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20 Years After 9/11 - Effects, Lessons Learned, Roads Not Taken


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47 minutes ago, JWB said:

Bribery is not the same thing as policy. What really matters is what happens to cops who take bribes. Too bad D.C. pulled the plug. 

https://www.reuters.com/article/us-afghanistan-police/new-commander-takes-on-corruption-mess-in-afghan-police-idUSKCN1T51UC

Well, the policy was to keep the Taliban out of power, create a stable democracy, bring education to the countryside and control the roads, among others. What happened was corruption, corruption, corruption, etc. until the Taliban could just push the rotten building and return to power. So policy was irrelevant to what went on in reality.

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On 9/12/2021 at 12:42 PM, RETAC21 said:

What happened was corruption, corruption, corruption, etc. until the Taliban could just push the rotten building and return to power.

Would ending the corruption have mattered? The real problem was an almost complete failure to do anything about border security. Even if the Kabul government was clean Pakistani Taliban still would have continued infiltration/invasion with maximum effect. The U.S. command tried to do border security for about one week by deploying infantry into those areas but the effort could not be sustained. Taliban casualties soared but so did U.S. casualties. The government of Pak could ignore their losses but D.C. could not and had to pull back. Coalition command should have retasked the drones from the wild goose chase of hunting the Taliban commanders and instead used the drones for border patrol. Problem here was the lack of adequate number armed drones. Another problem was the drones types were not really suited to do that task. At least a decade ago I advocated deploying large numbers of smaller drones armed with machineguns to carry low altitude patrol/hunt/kill sorties.  They could be developed from aircraft like these:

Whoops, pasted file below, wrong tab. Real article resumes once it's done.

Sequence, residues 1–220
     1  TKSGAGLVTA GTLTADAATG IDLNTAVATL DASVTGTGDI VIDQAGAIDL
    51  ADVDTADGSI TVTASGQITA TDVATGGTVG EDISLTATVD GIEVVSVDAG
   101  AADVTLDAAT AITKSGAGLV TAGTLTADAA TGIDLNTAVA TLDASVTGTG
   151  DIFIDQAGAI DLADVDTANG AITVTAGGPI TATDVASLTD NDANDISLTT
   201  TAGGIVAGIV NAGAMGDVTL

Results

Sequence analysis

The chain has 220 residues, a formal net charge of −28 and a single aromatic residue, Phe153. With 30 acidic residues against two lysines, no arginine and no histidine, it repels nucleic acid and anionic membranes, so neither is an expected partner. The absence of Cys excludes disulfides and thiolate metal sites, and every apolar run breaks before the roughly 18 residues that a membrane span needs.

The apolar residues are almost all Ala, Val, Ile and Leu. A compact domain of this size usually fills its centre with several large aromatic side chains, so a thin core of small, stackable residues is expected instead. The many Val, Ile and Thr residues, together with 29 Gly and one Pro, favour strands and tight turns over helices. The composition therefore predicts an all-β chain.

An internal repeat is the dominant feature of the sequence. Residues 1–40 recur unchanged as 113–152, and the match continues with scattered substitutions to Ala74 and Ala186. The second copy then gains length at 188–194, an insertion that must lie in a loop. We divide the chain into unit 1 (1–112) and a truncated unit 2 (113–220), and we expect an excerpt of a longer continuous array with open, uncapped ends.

images?q=tbn:ANd9GcRXPnpUP1oaY5nbr-WuEJV

1.5.0_Military-Systems_UAS_01.jpg?itok=x

adp_102411_shadowm2-2.jpg?itok=CPUDxLKN&

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3 minutes ago, JWB said:

Would ending the corruption have mattered? The real problem was an almost complete failure to do anything about border security. Even if the Kabul government was clean Pakistani Taliban still would have continued infiltration/invasion with maximum effect. The U.S. command tried to do border security for about one week by deploying infantry into those areas but the effort could not be sustained. Taliban casualties soared but so did U.S. casualties. The government of Pak could ignore their losses but D.C. could not and had to pull back. Coalition command should have retasked the drones from the wild goose chase of hunting the Taliban commanders and instead used the drones for border patrol. Problem here was the lack of adequate number armed drones. Another problem was the drones types were not really suited to do that task. At least a decade ago I advocated deploying large numbers of smaller drones armed with machineguns to carry low altitude patrol/hunt/kill sorties.  They could be developed from aircraft like these:

images?q=tbn:ANd9GcRXPnpUP1oaY5nbr-WuEJV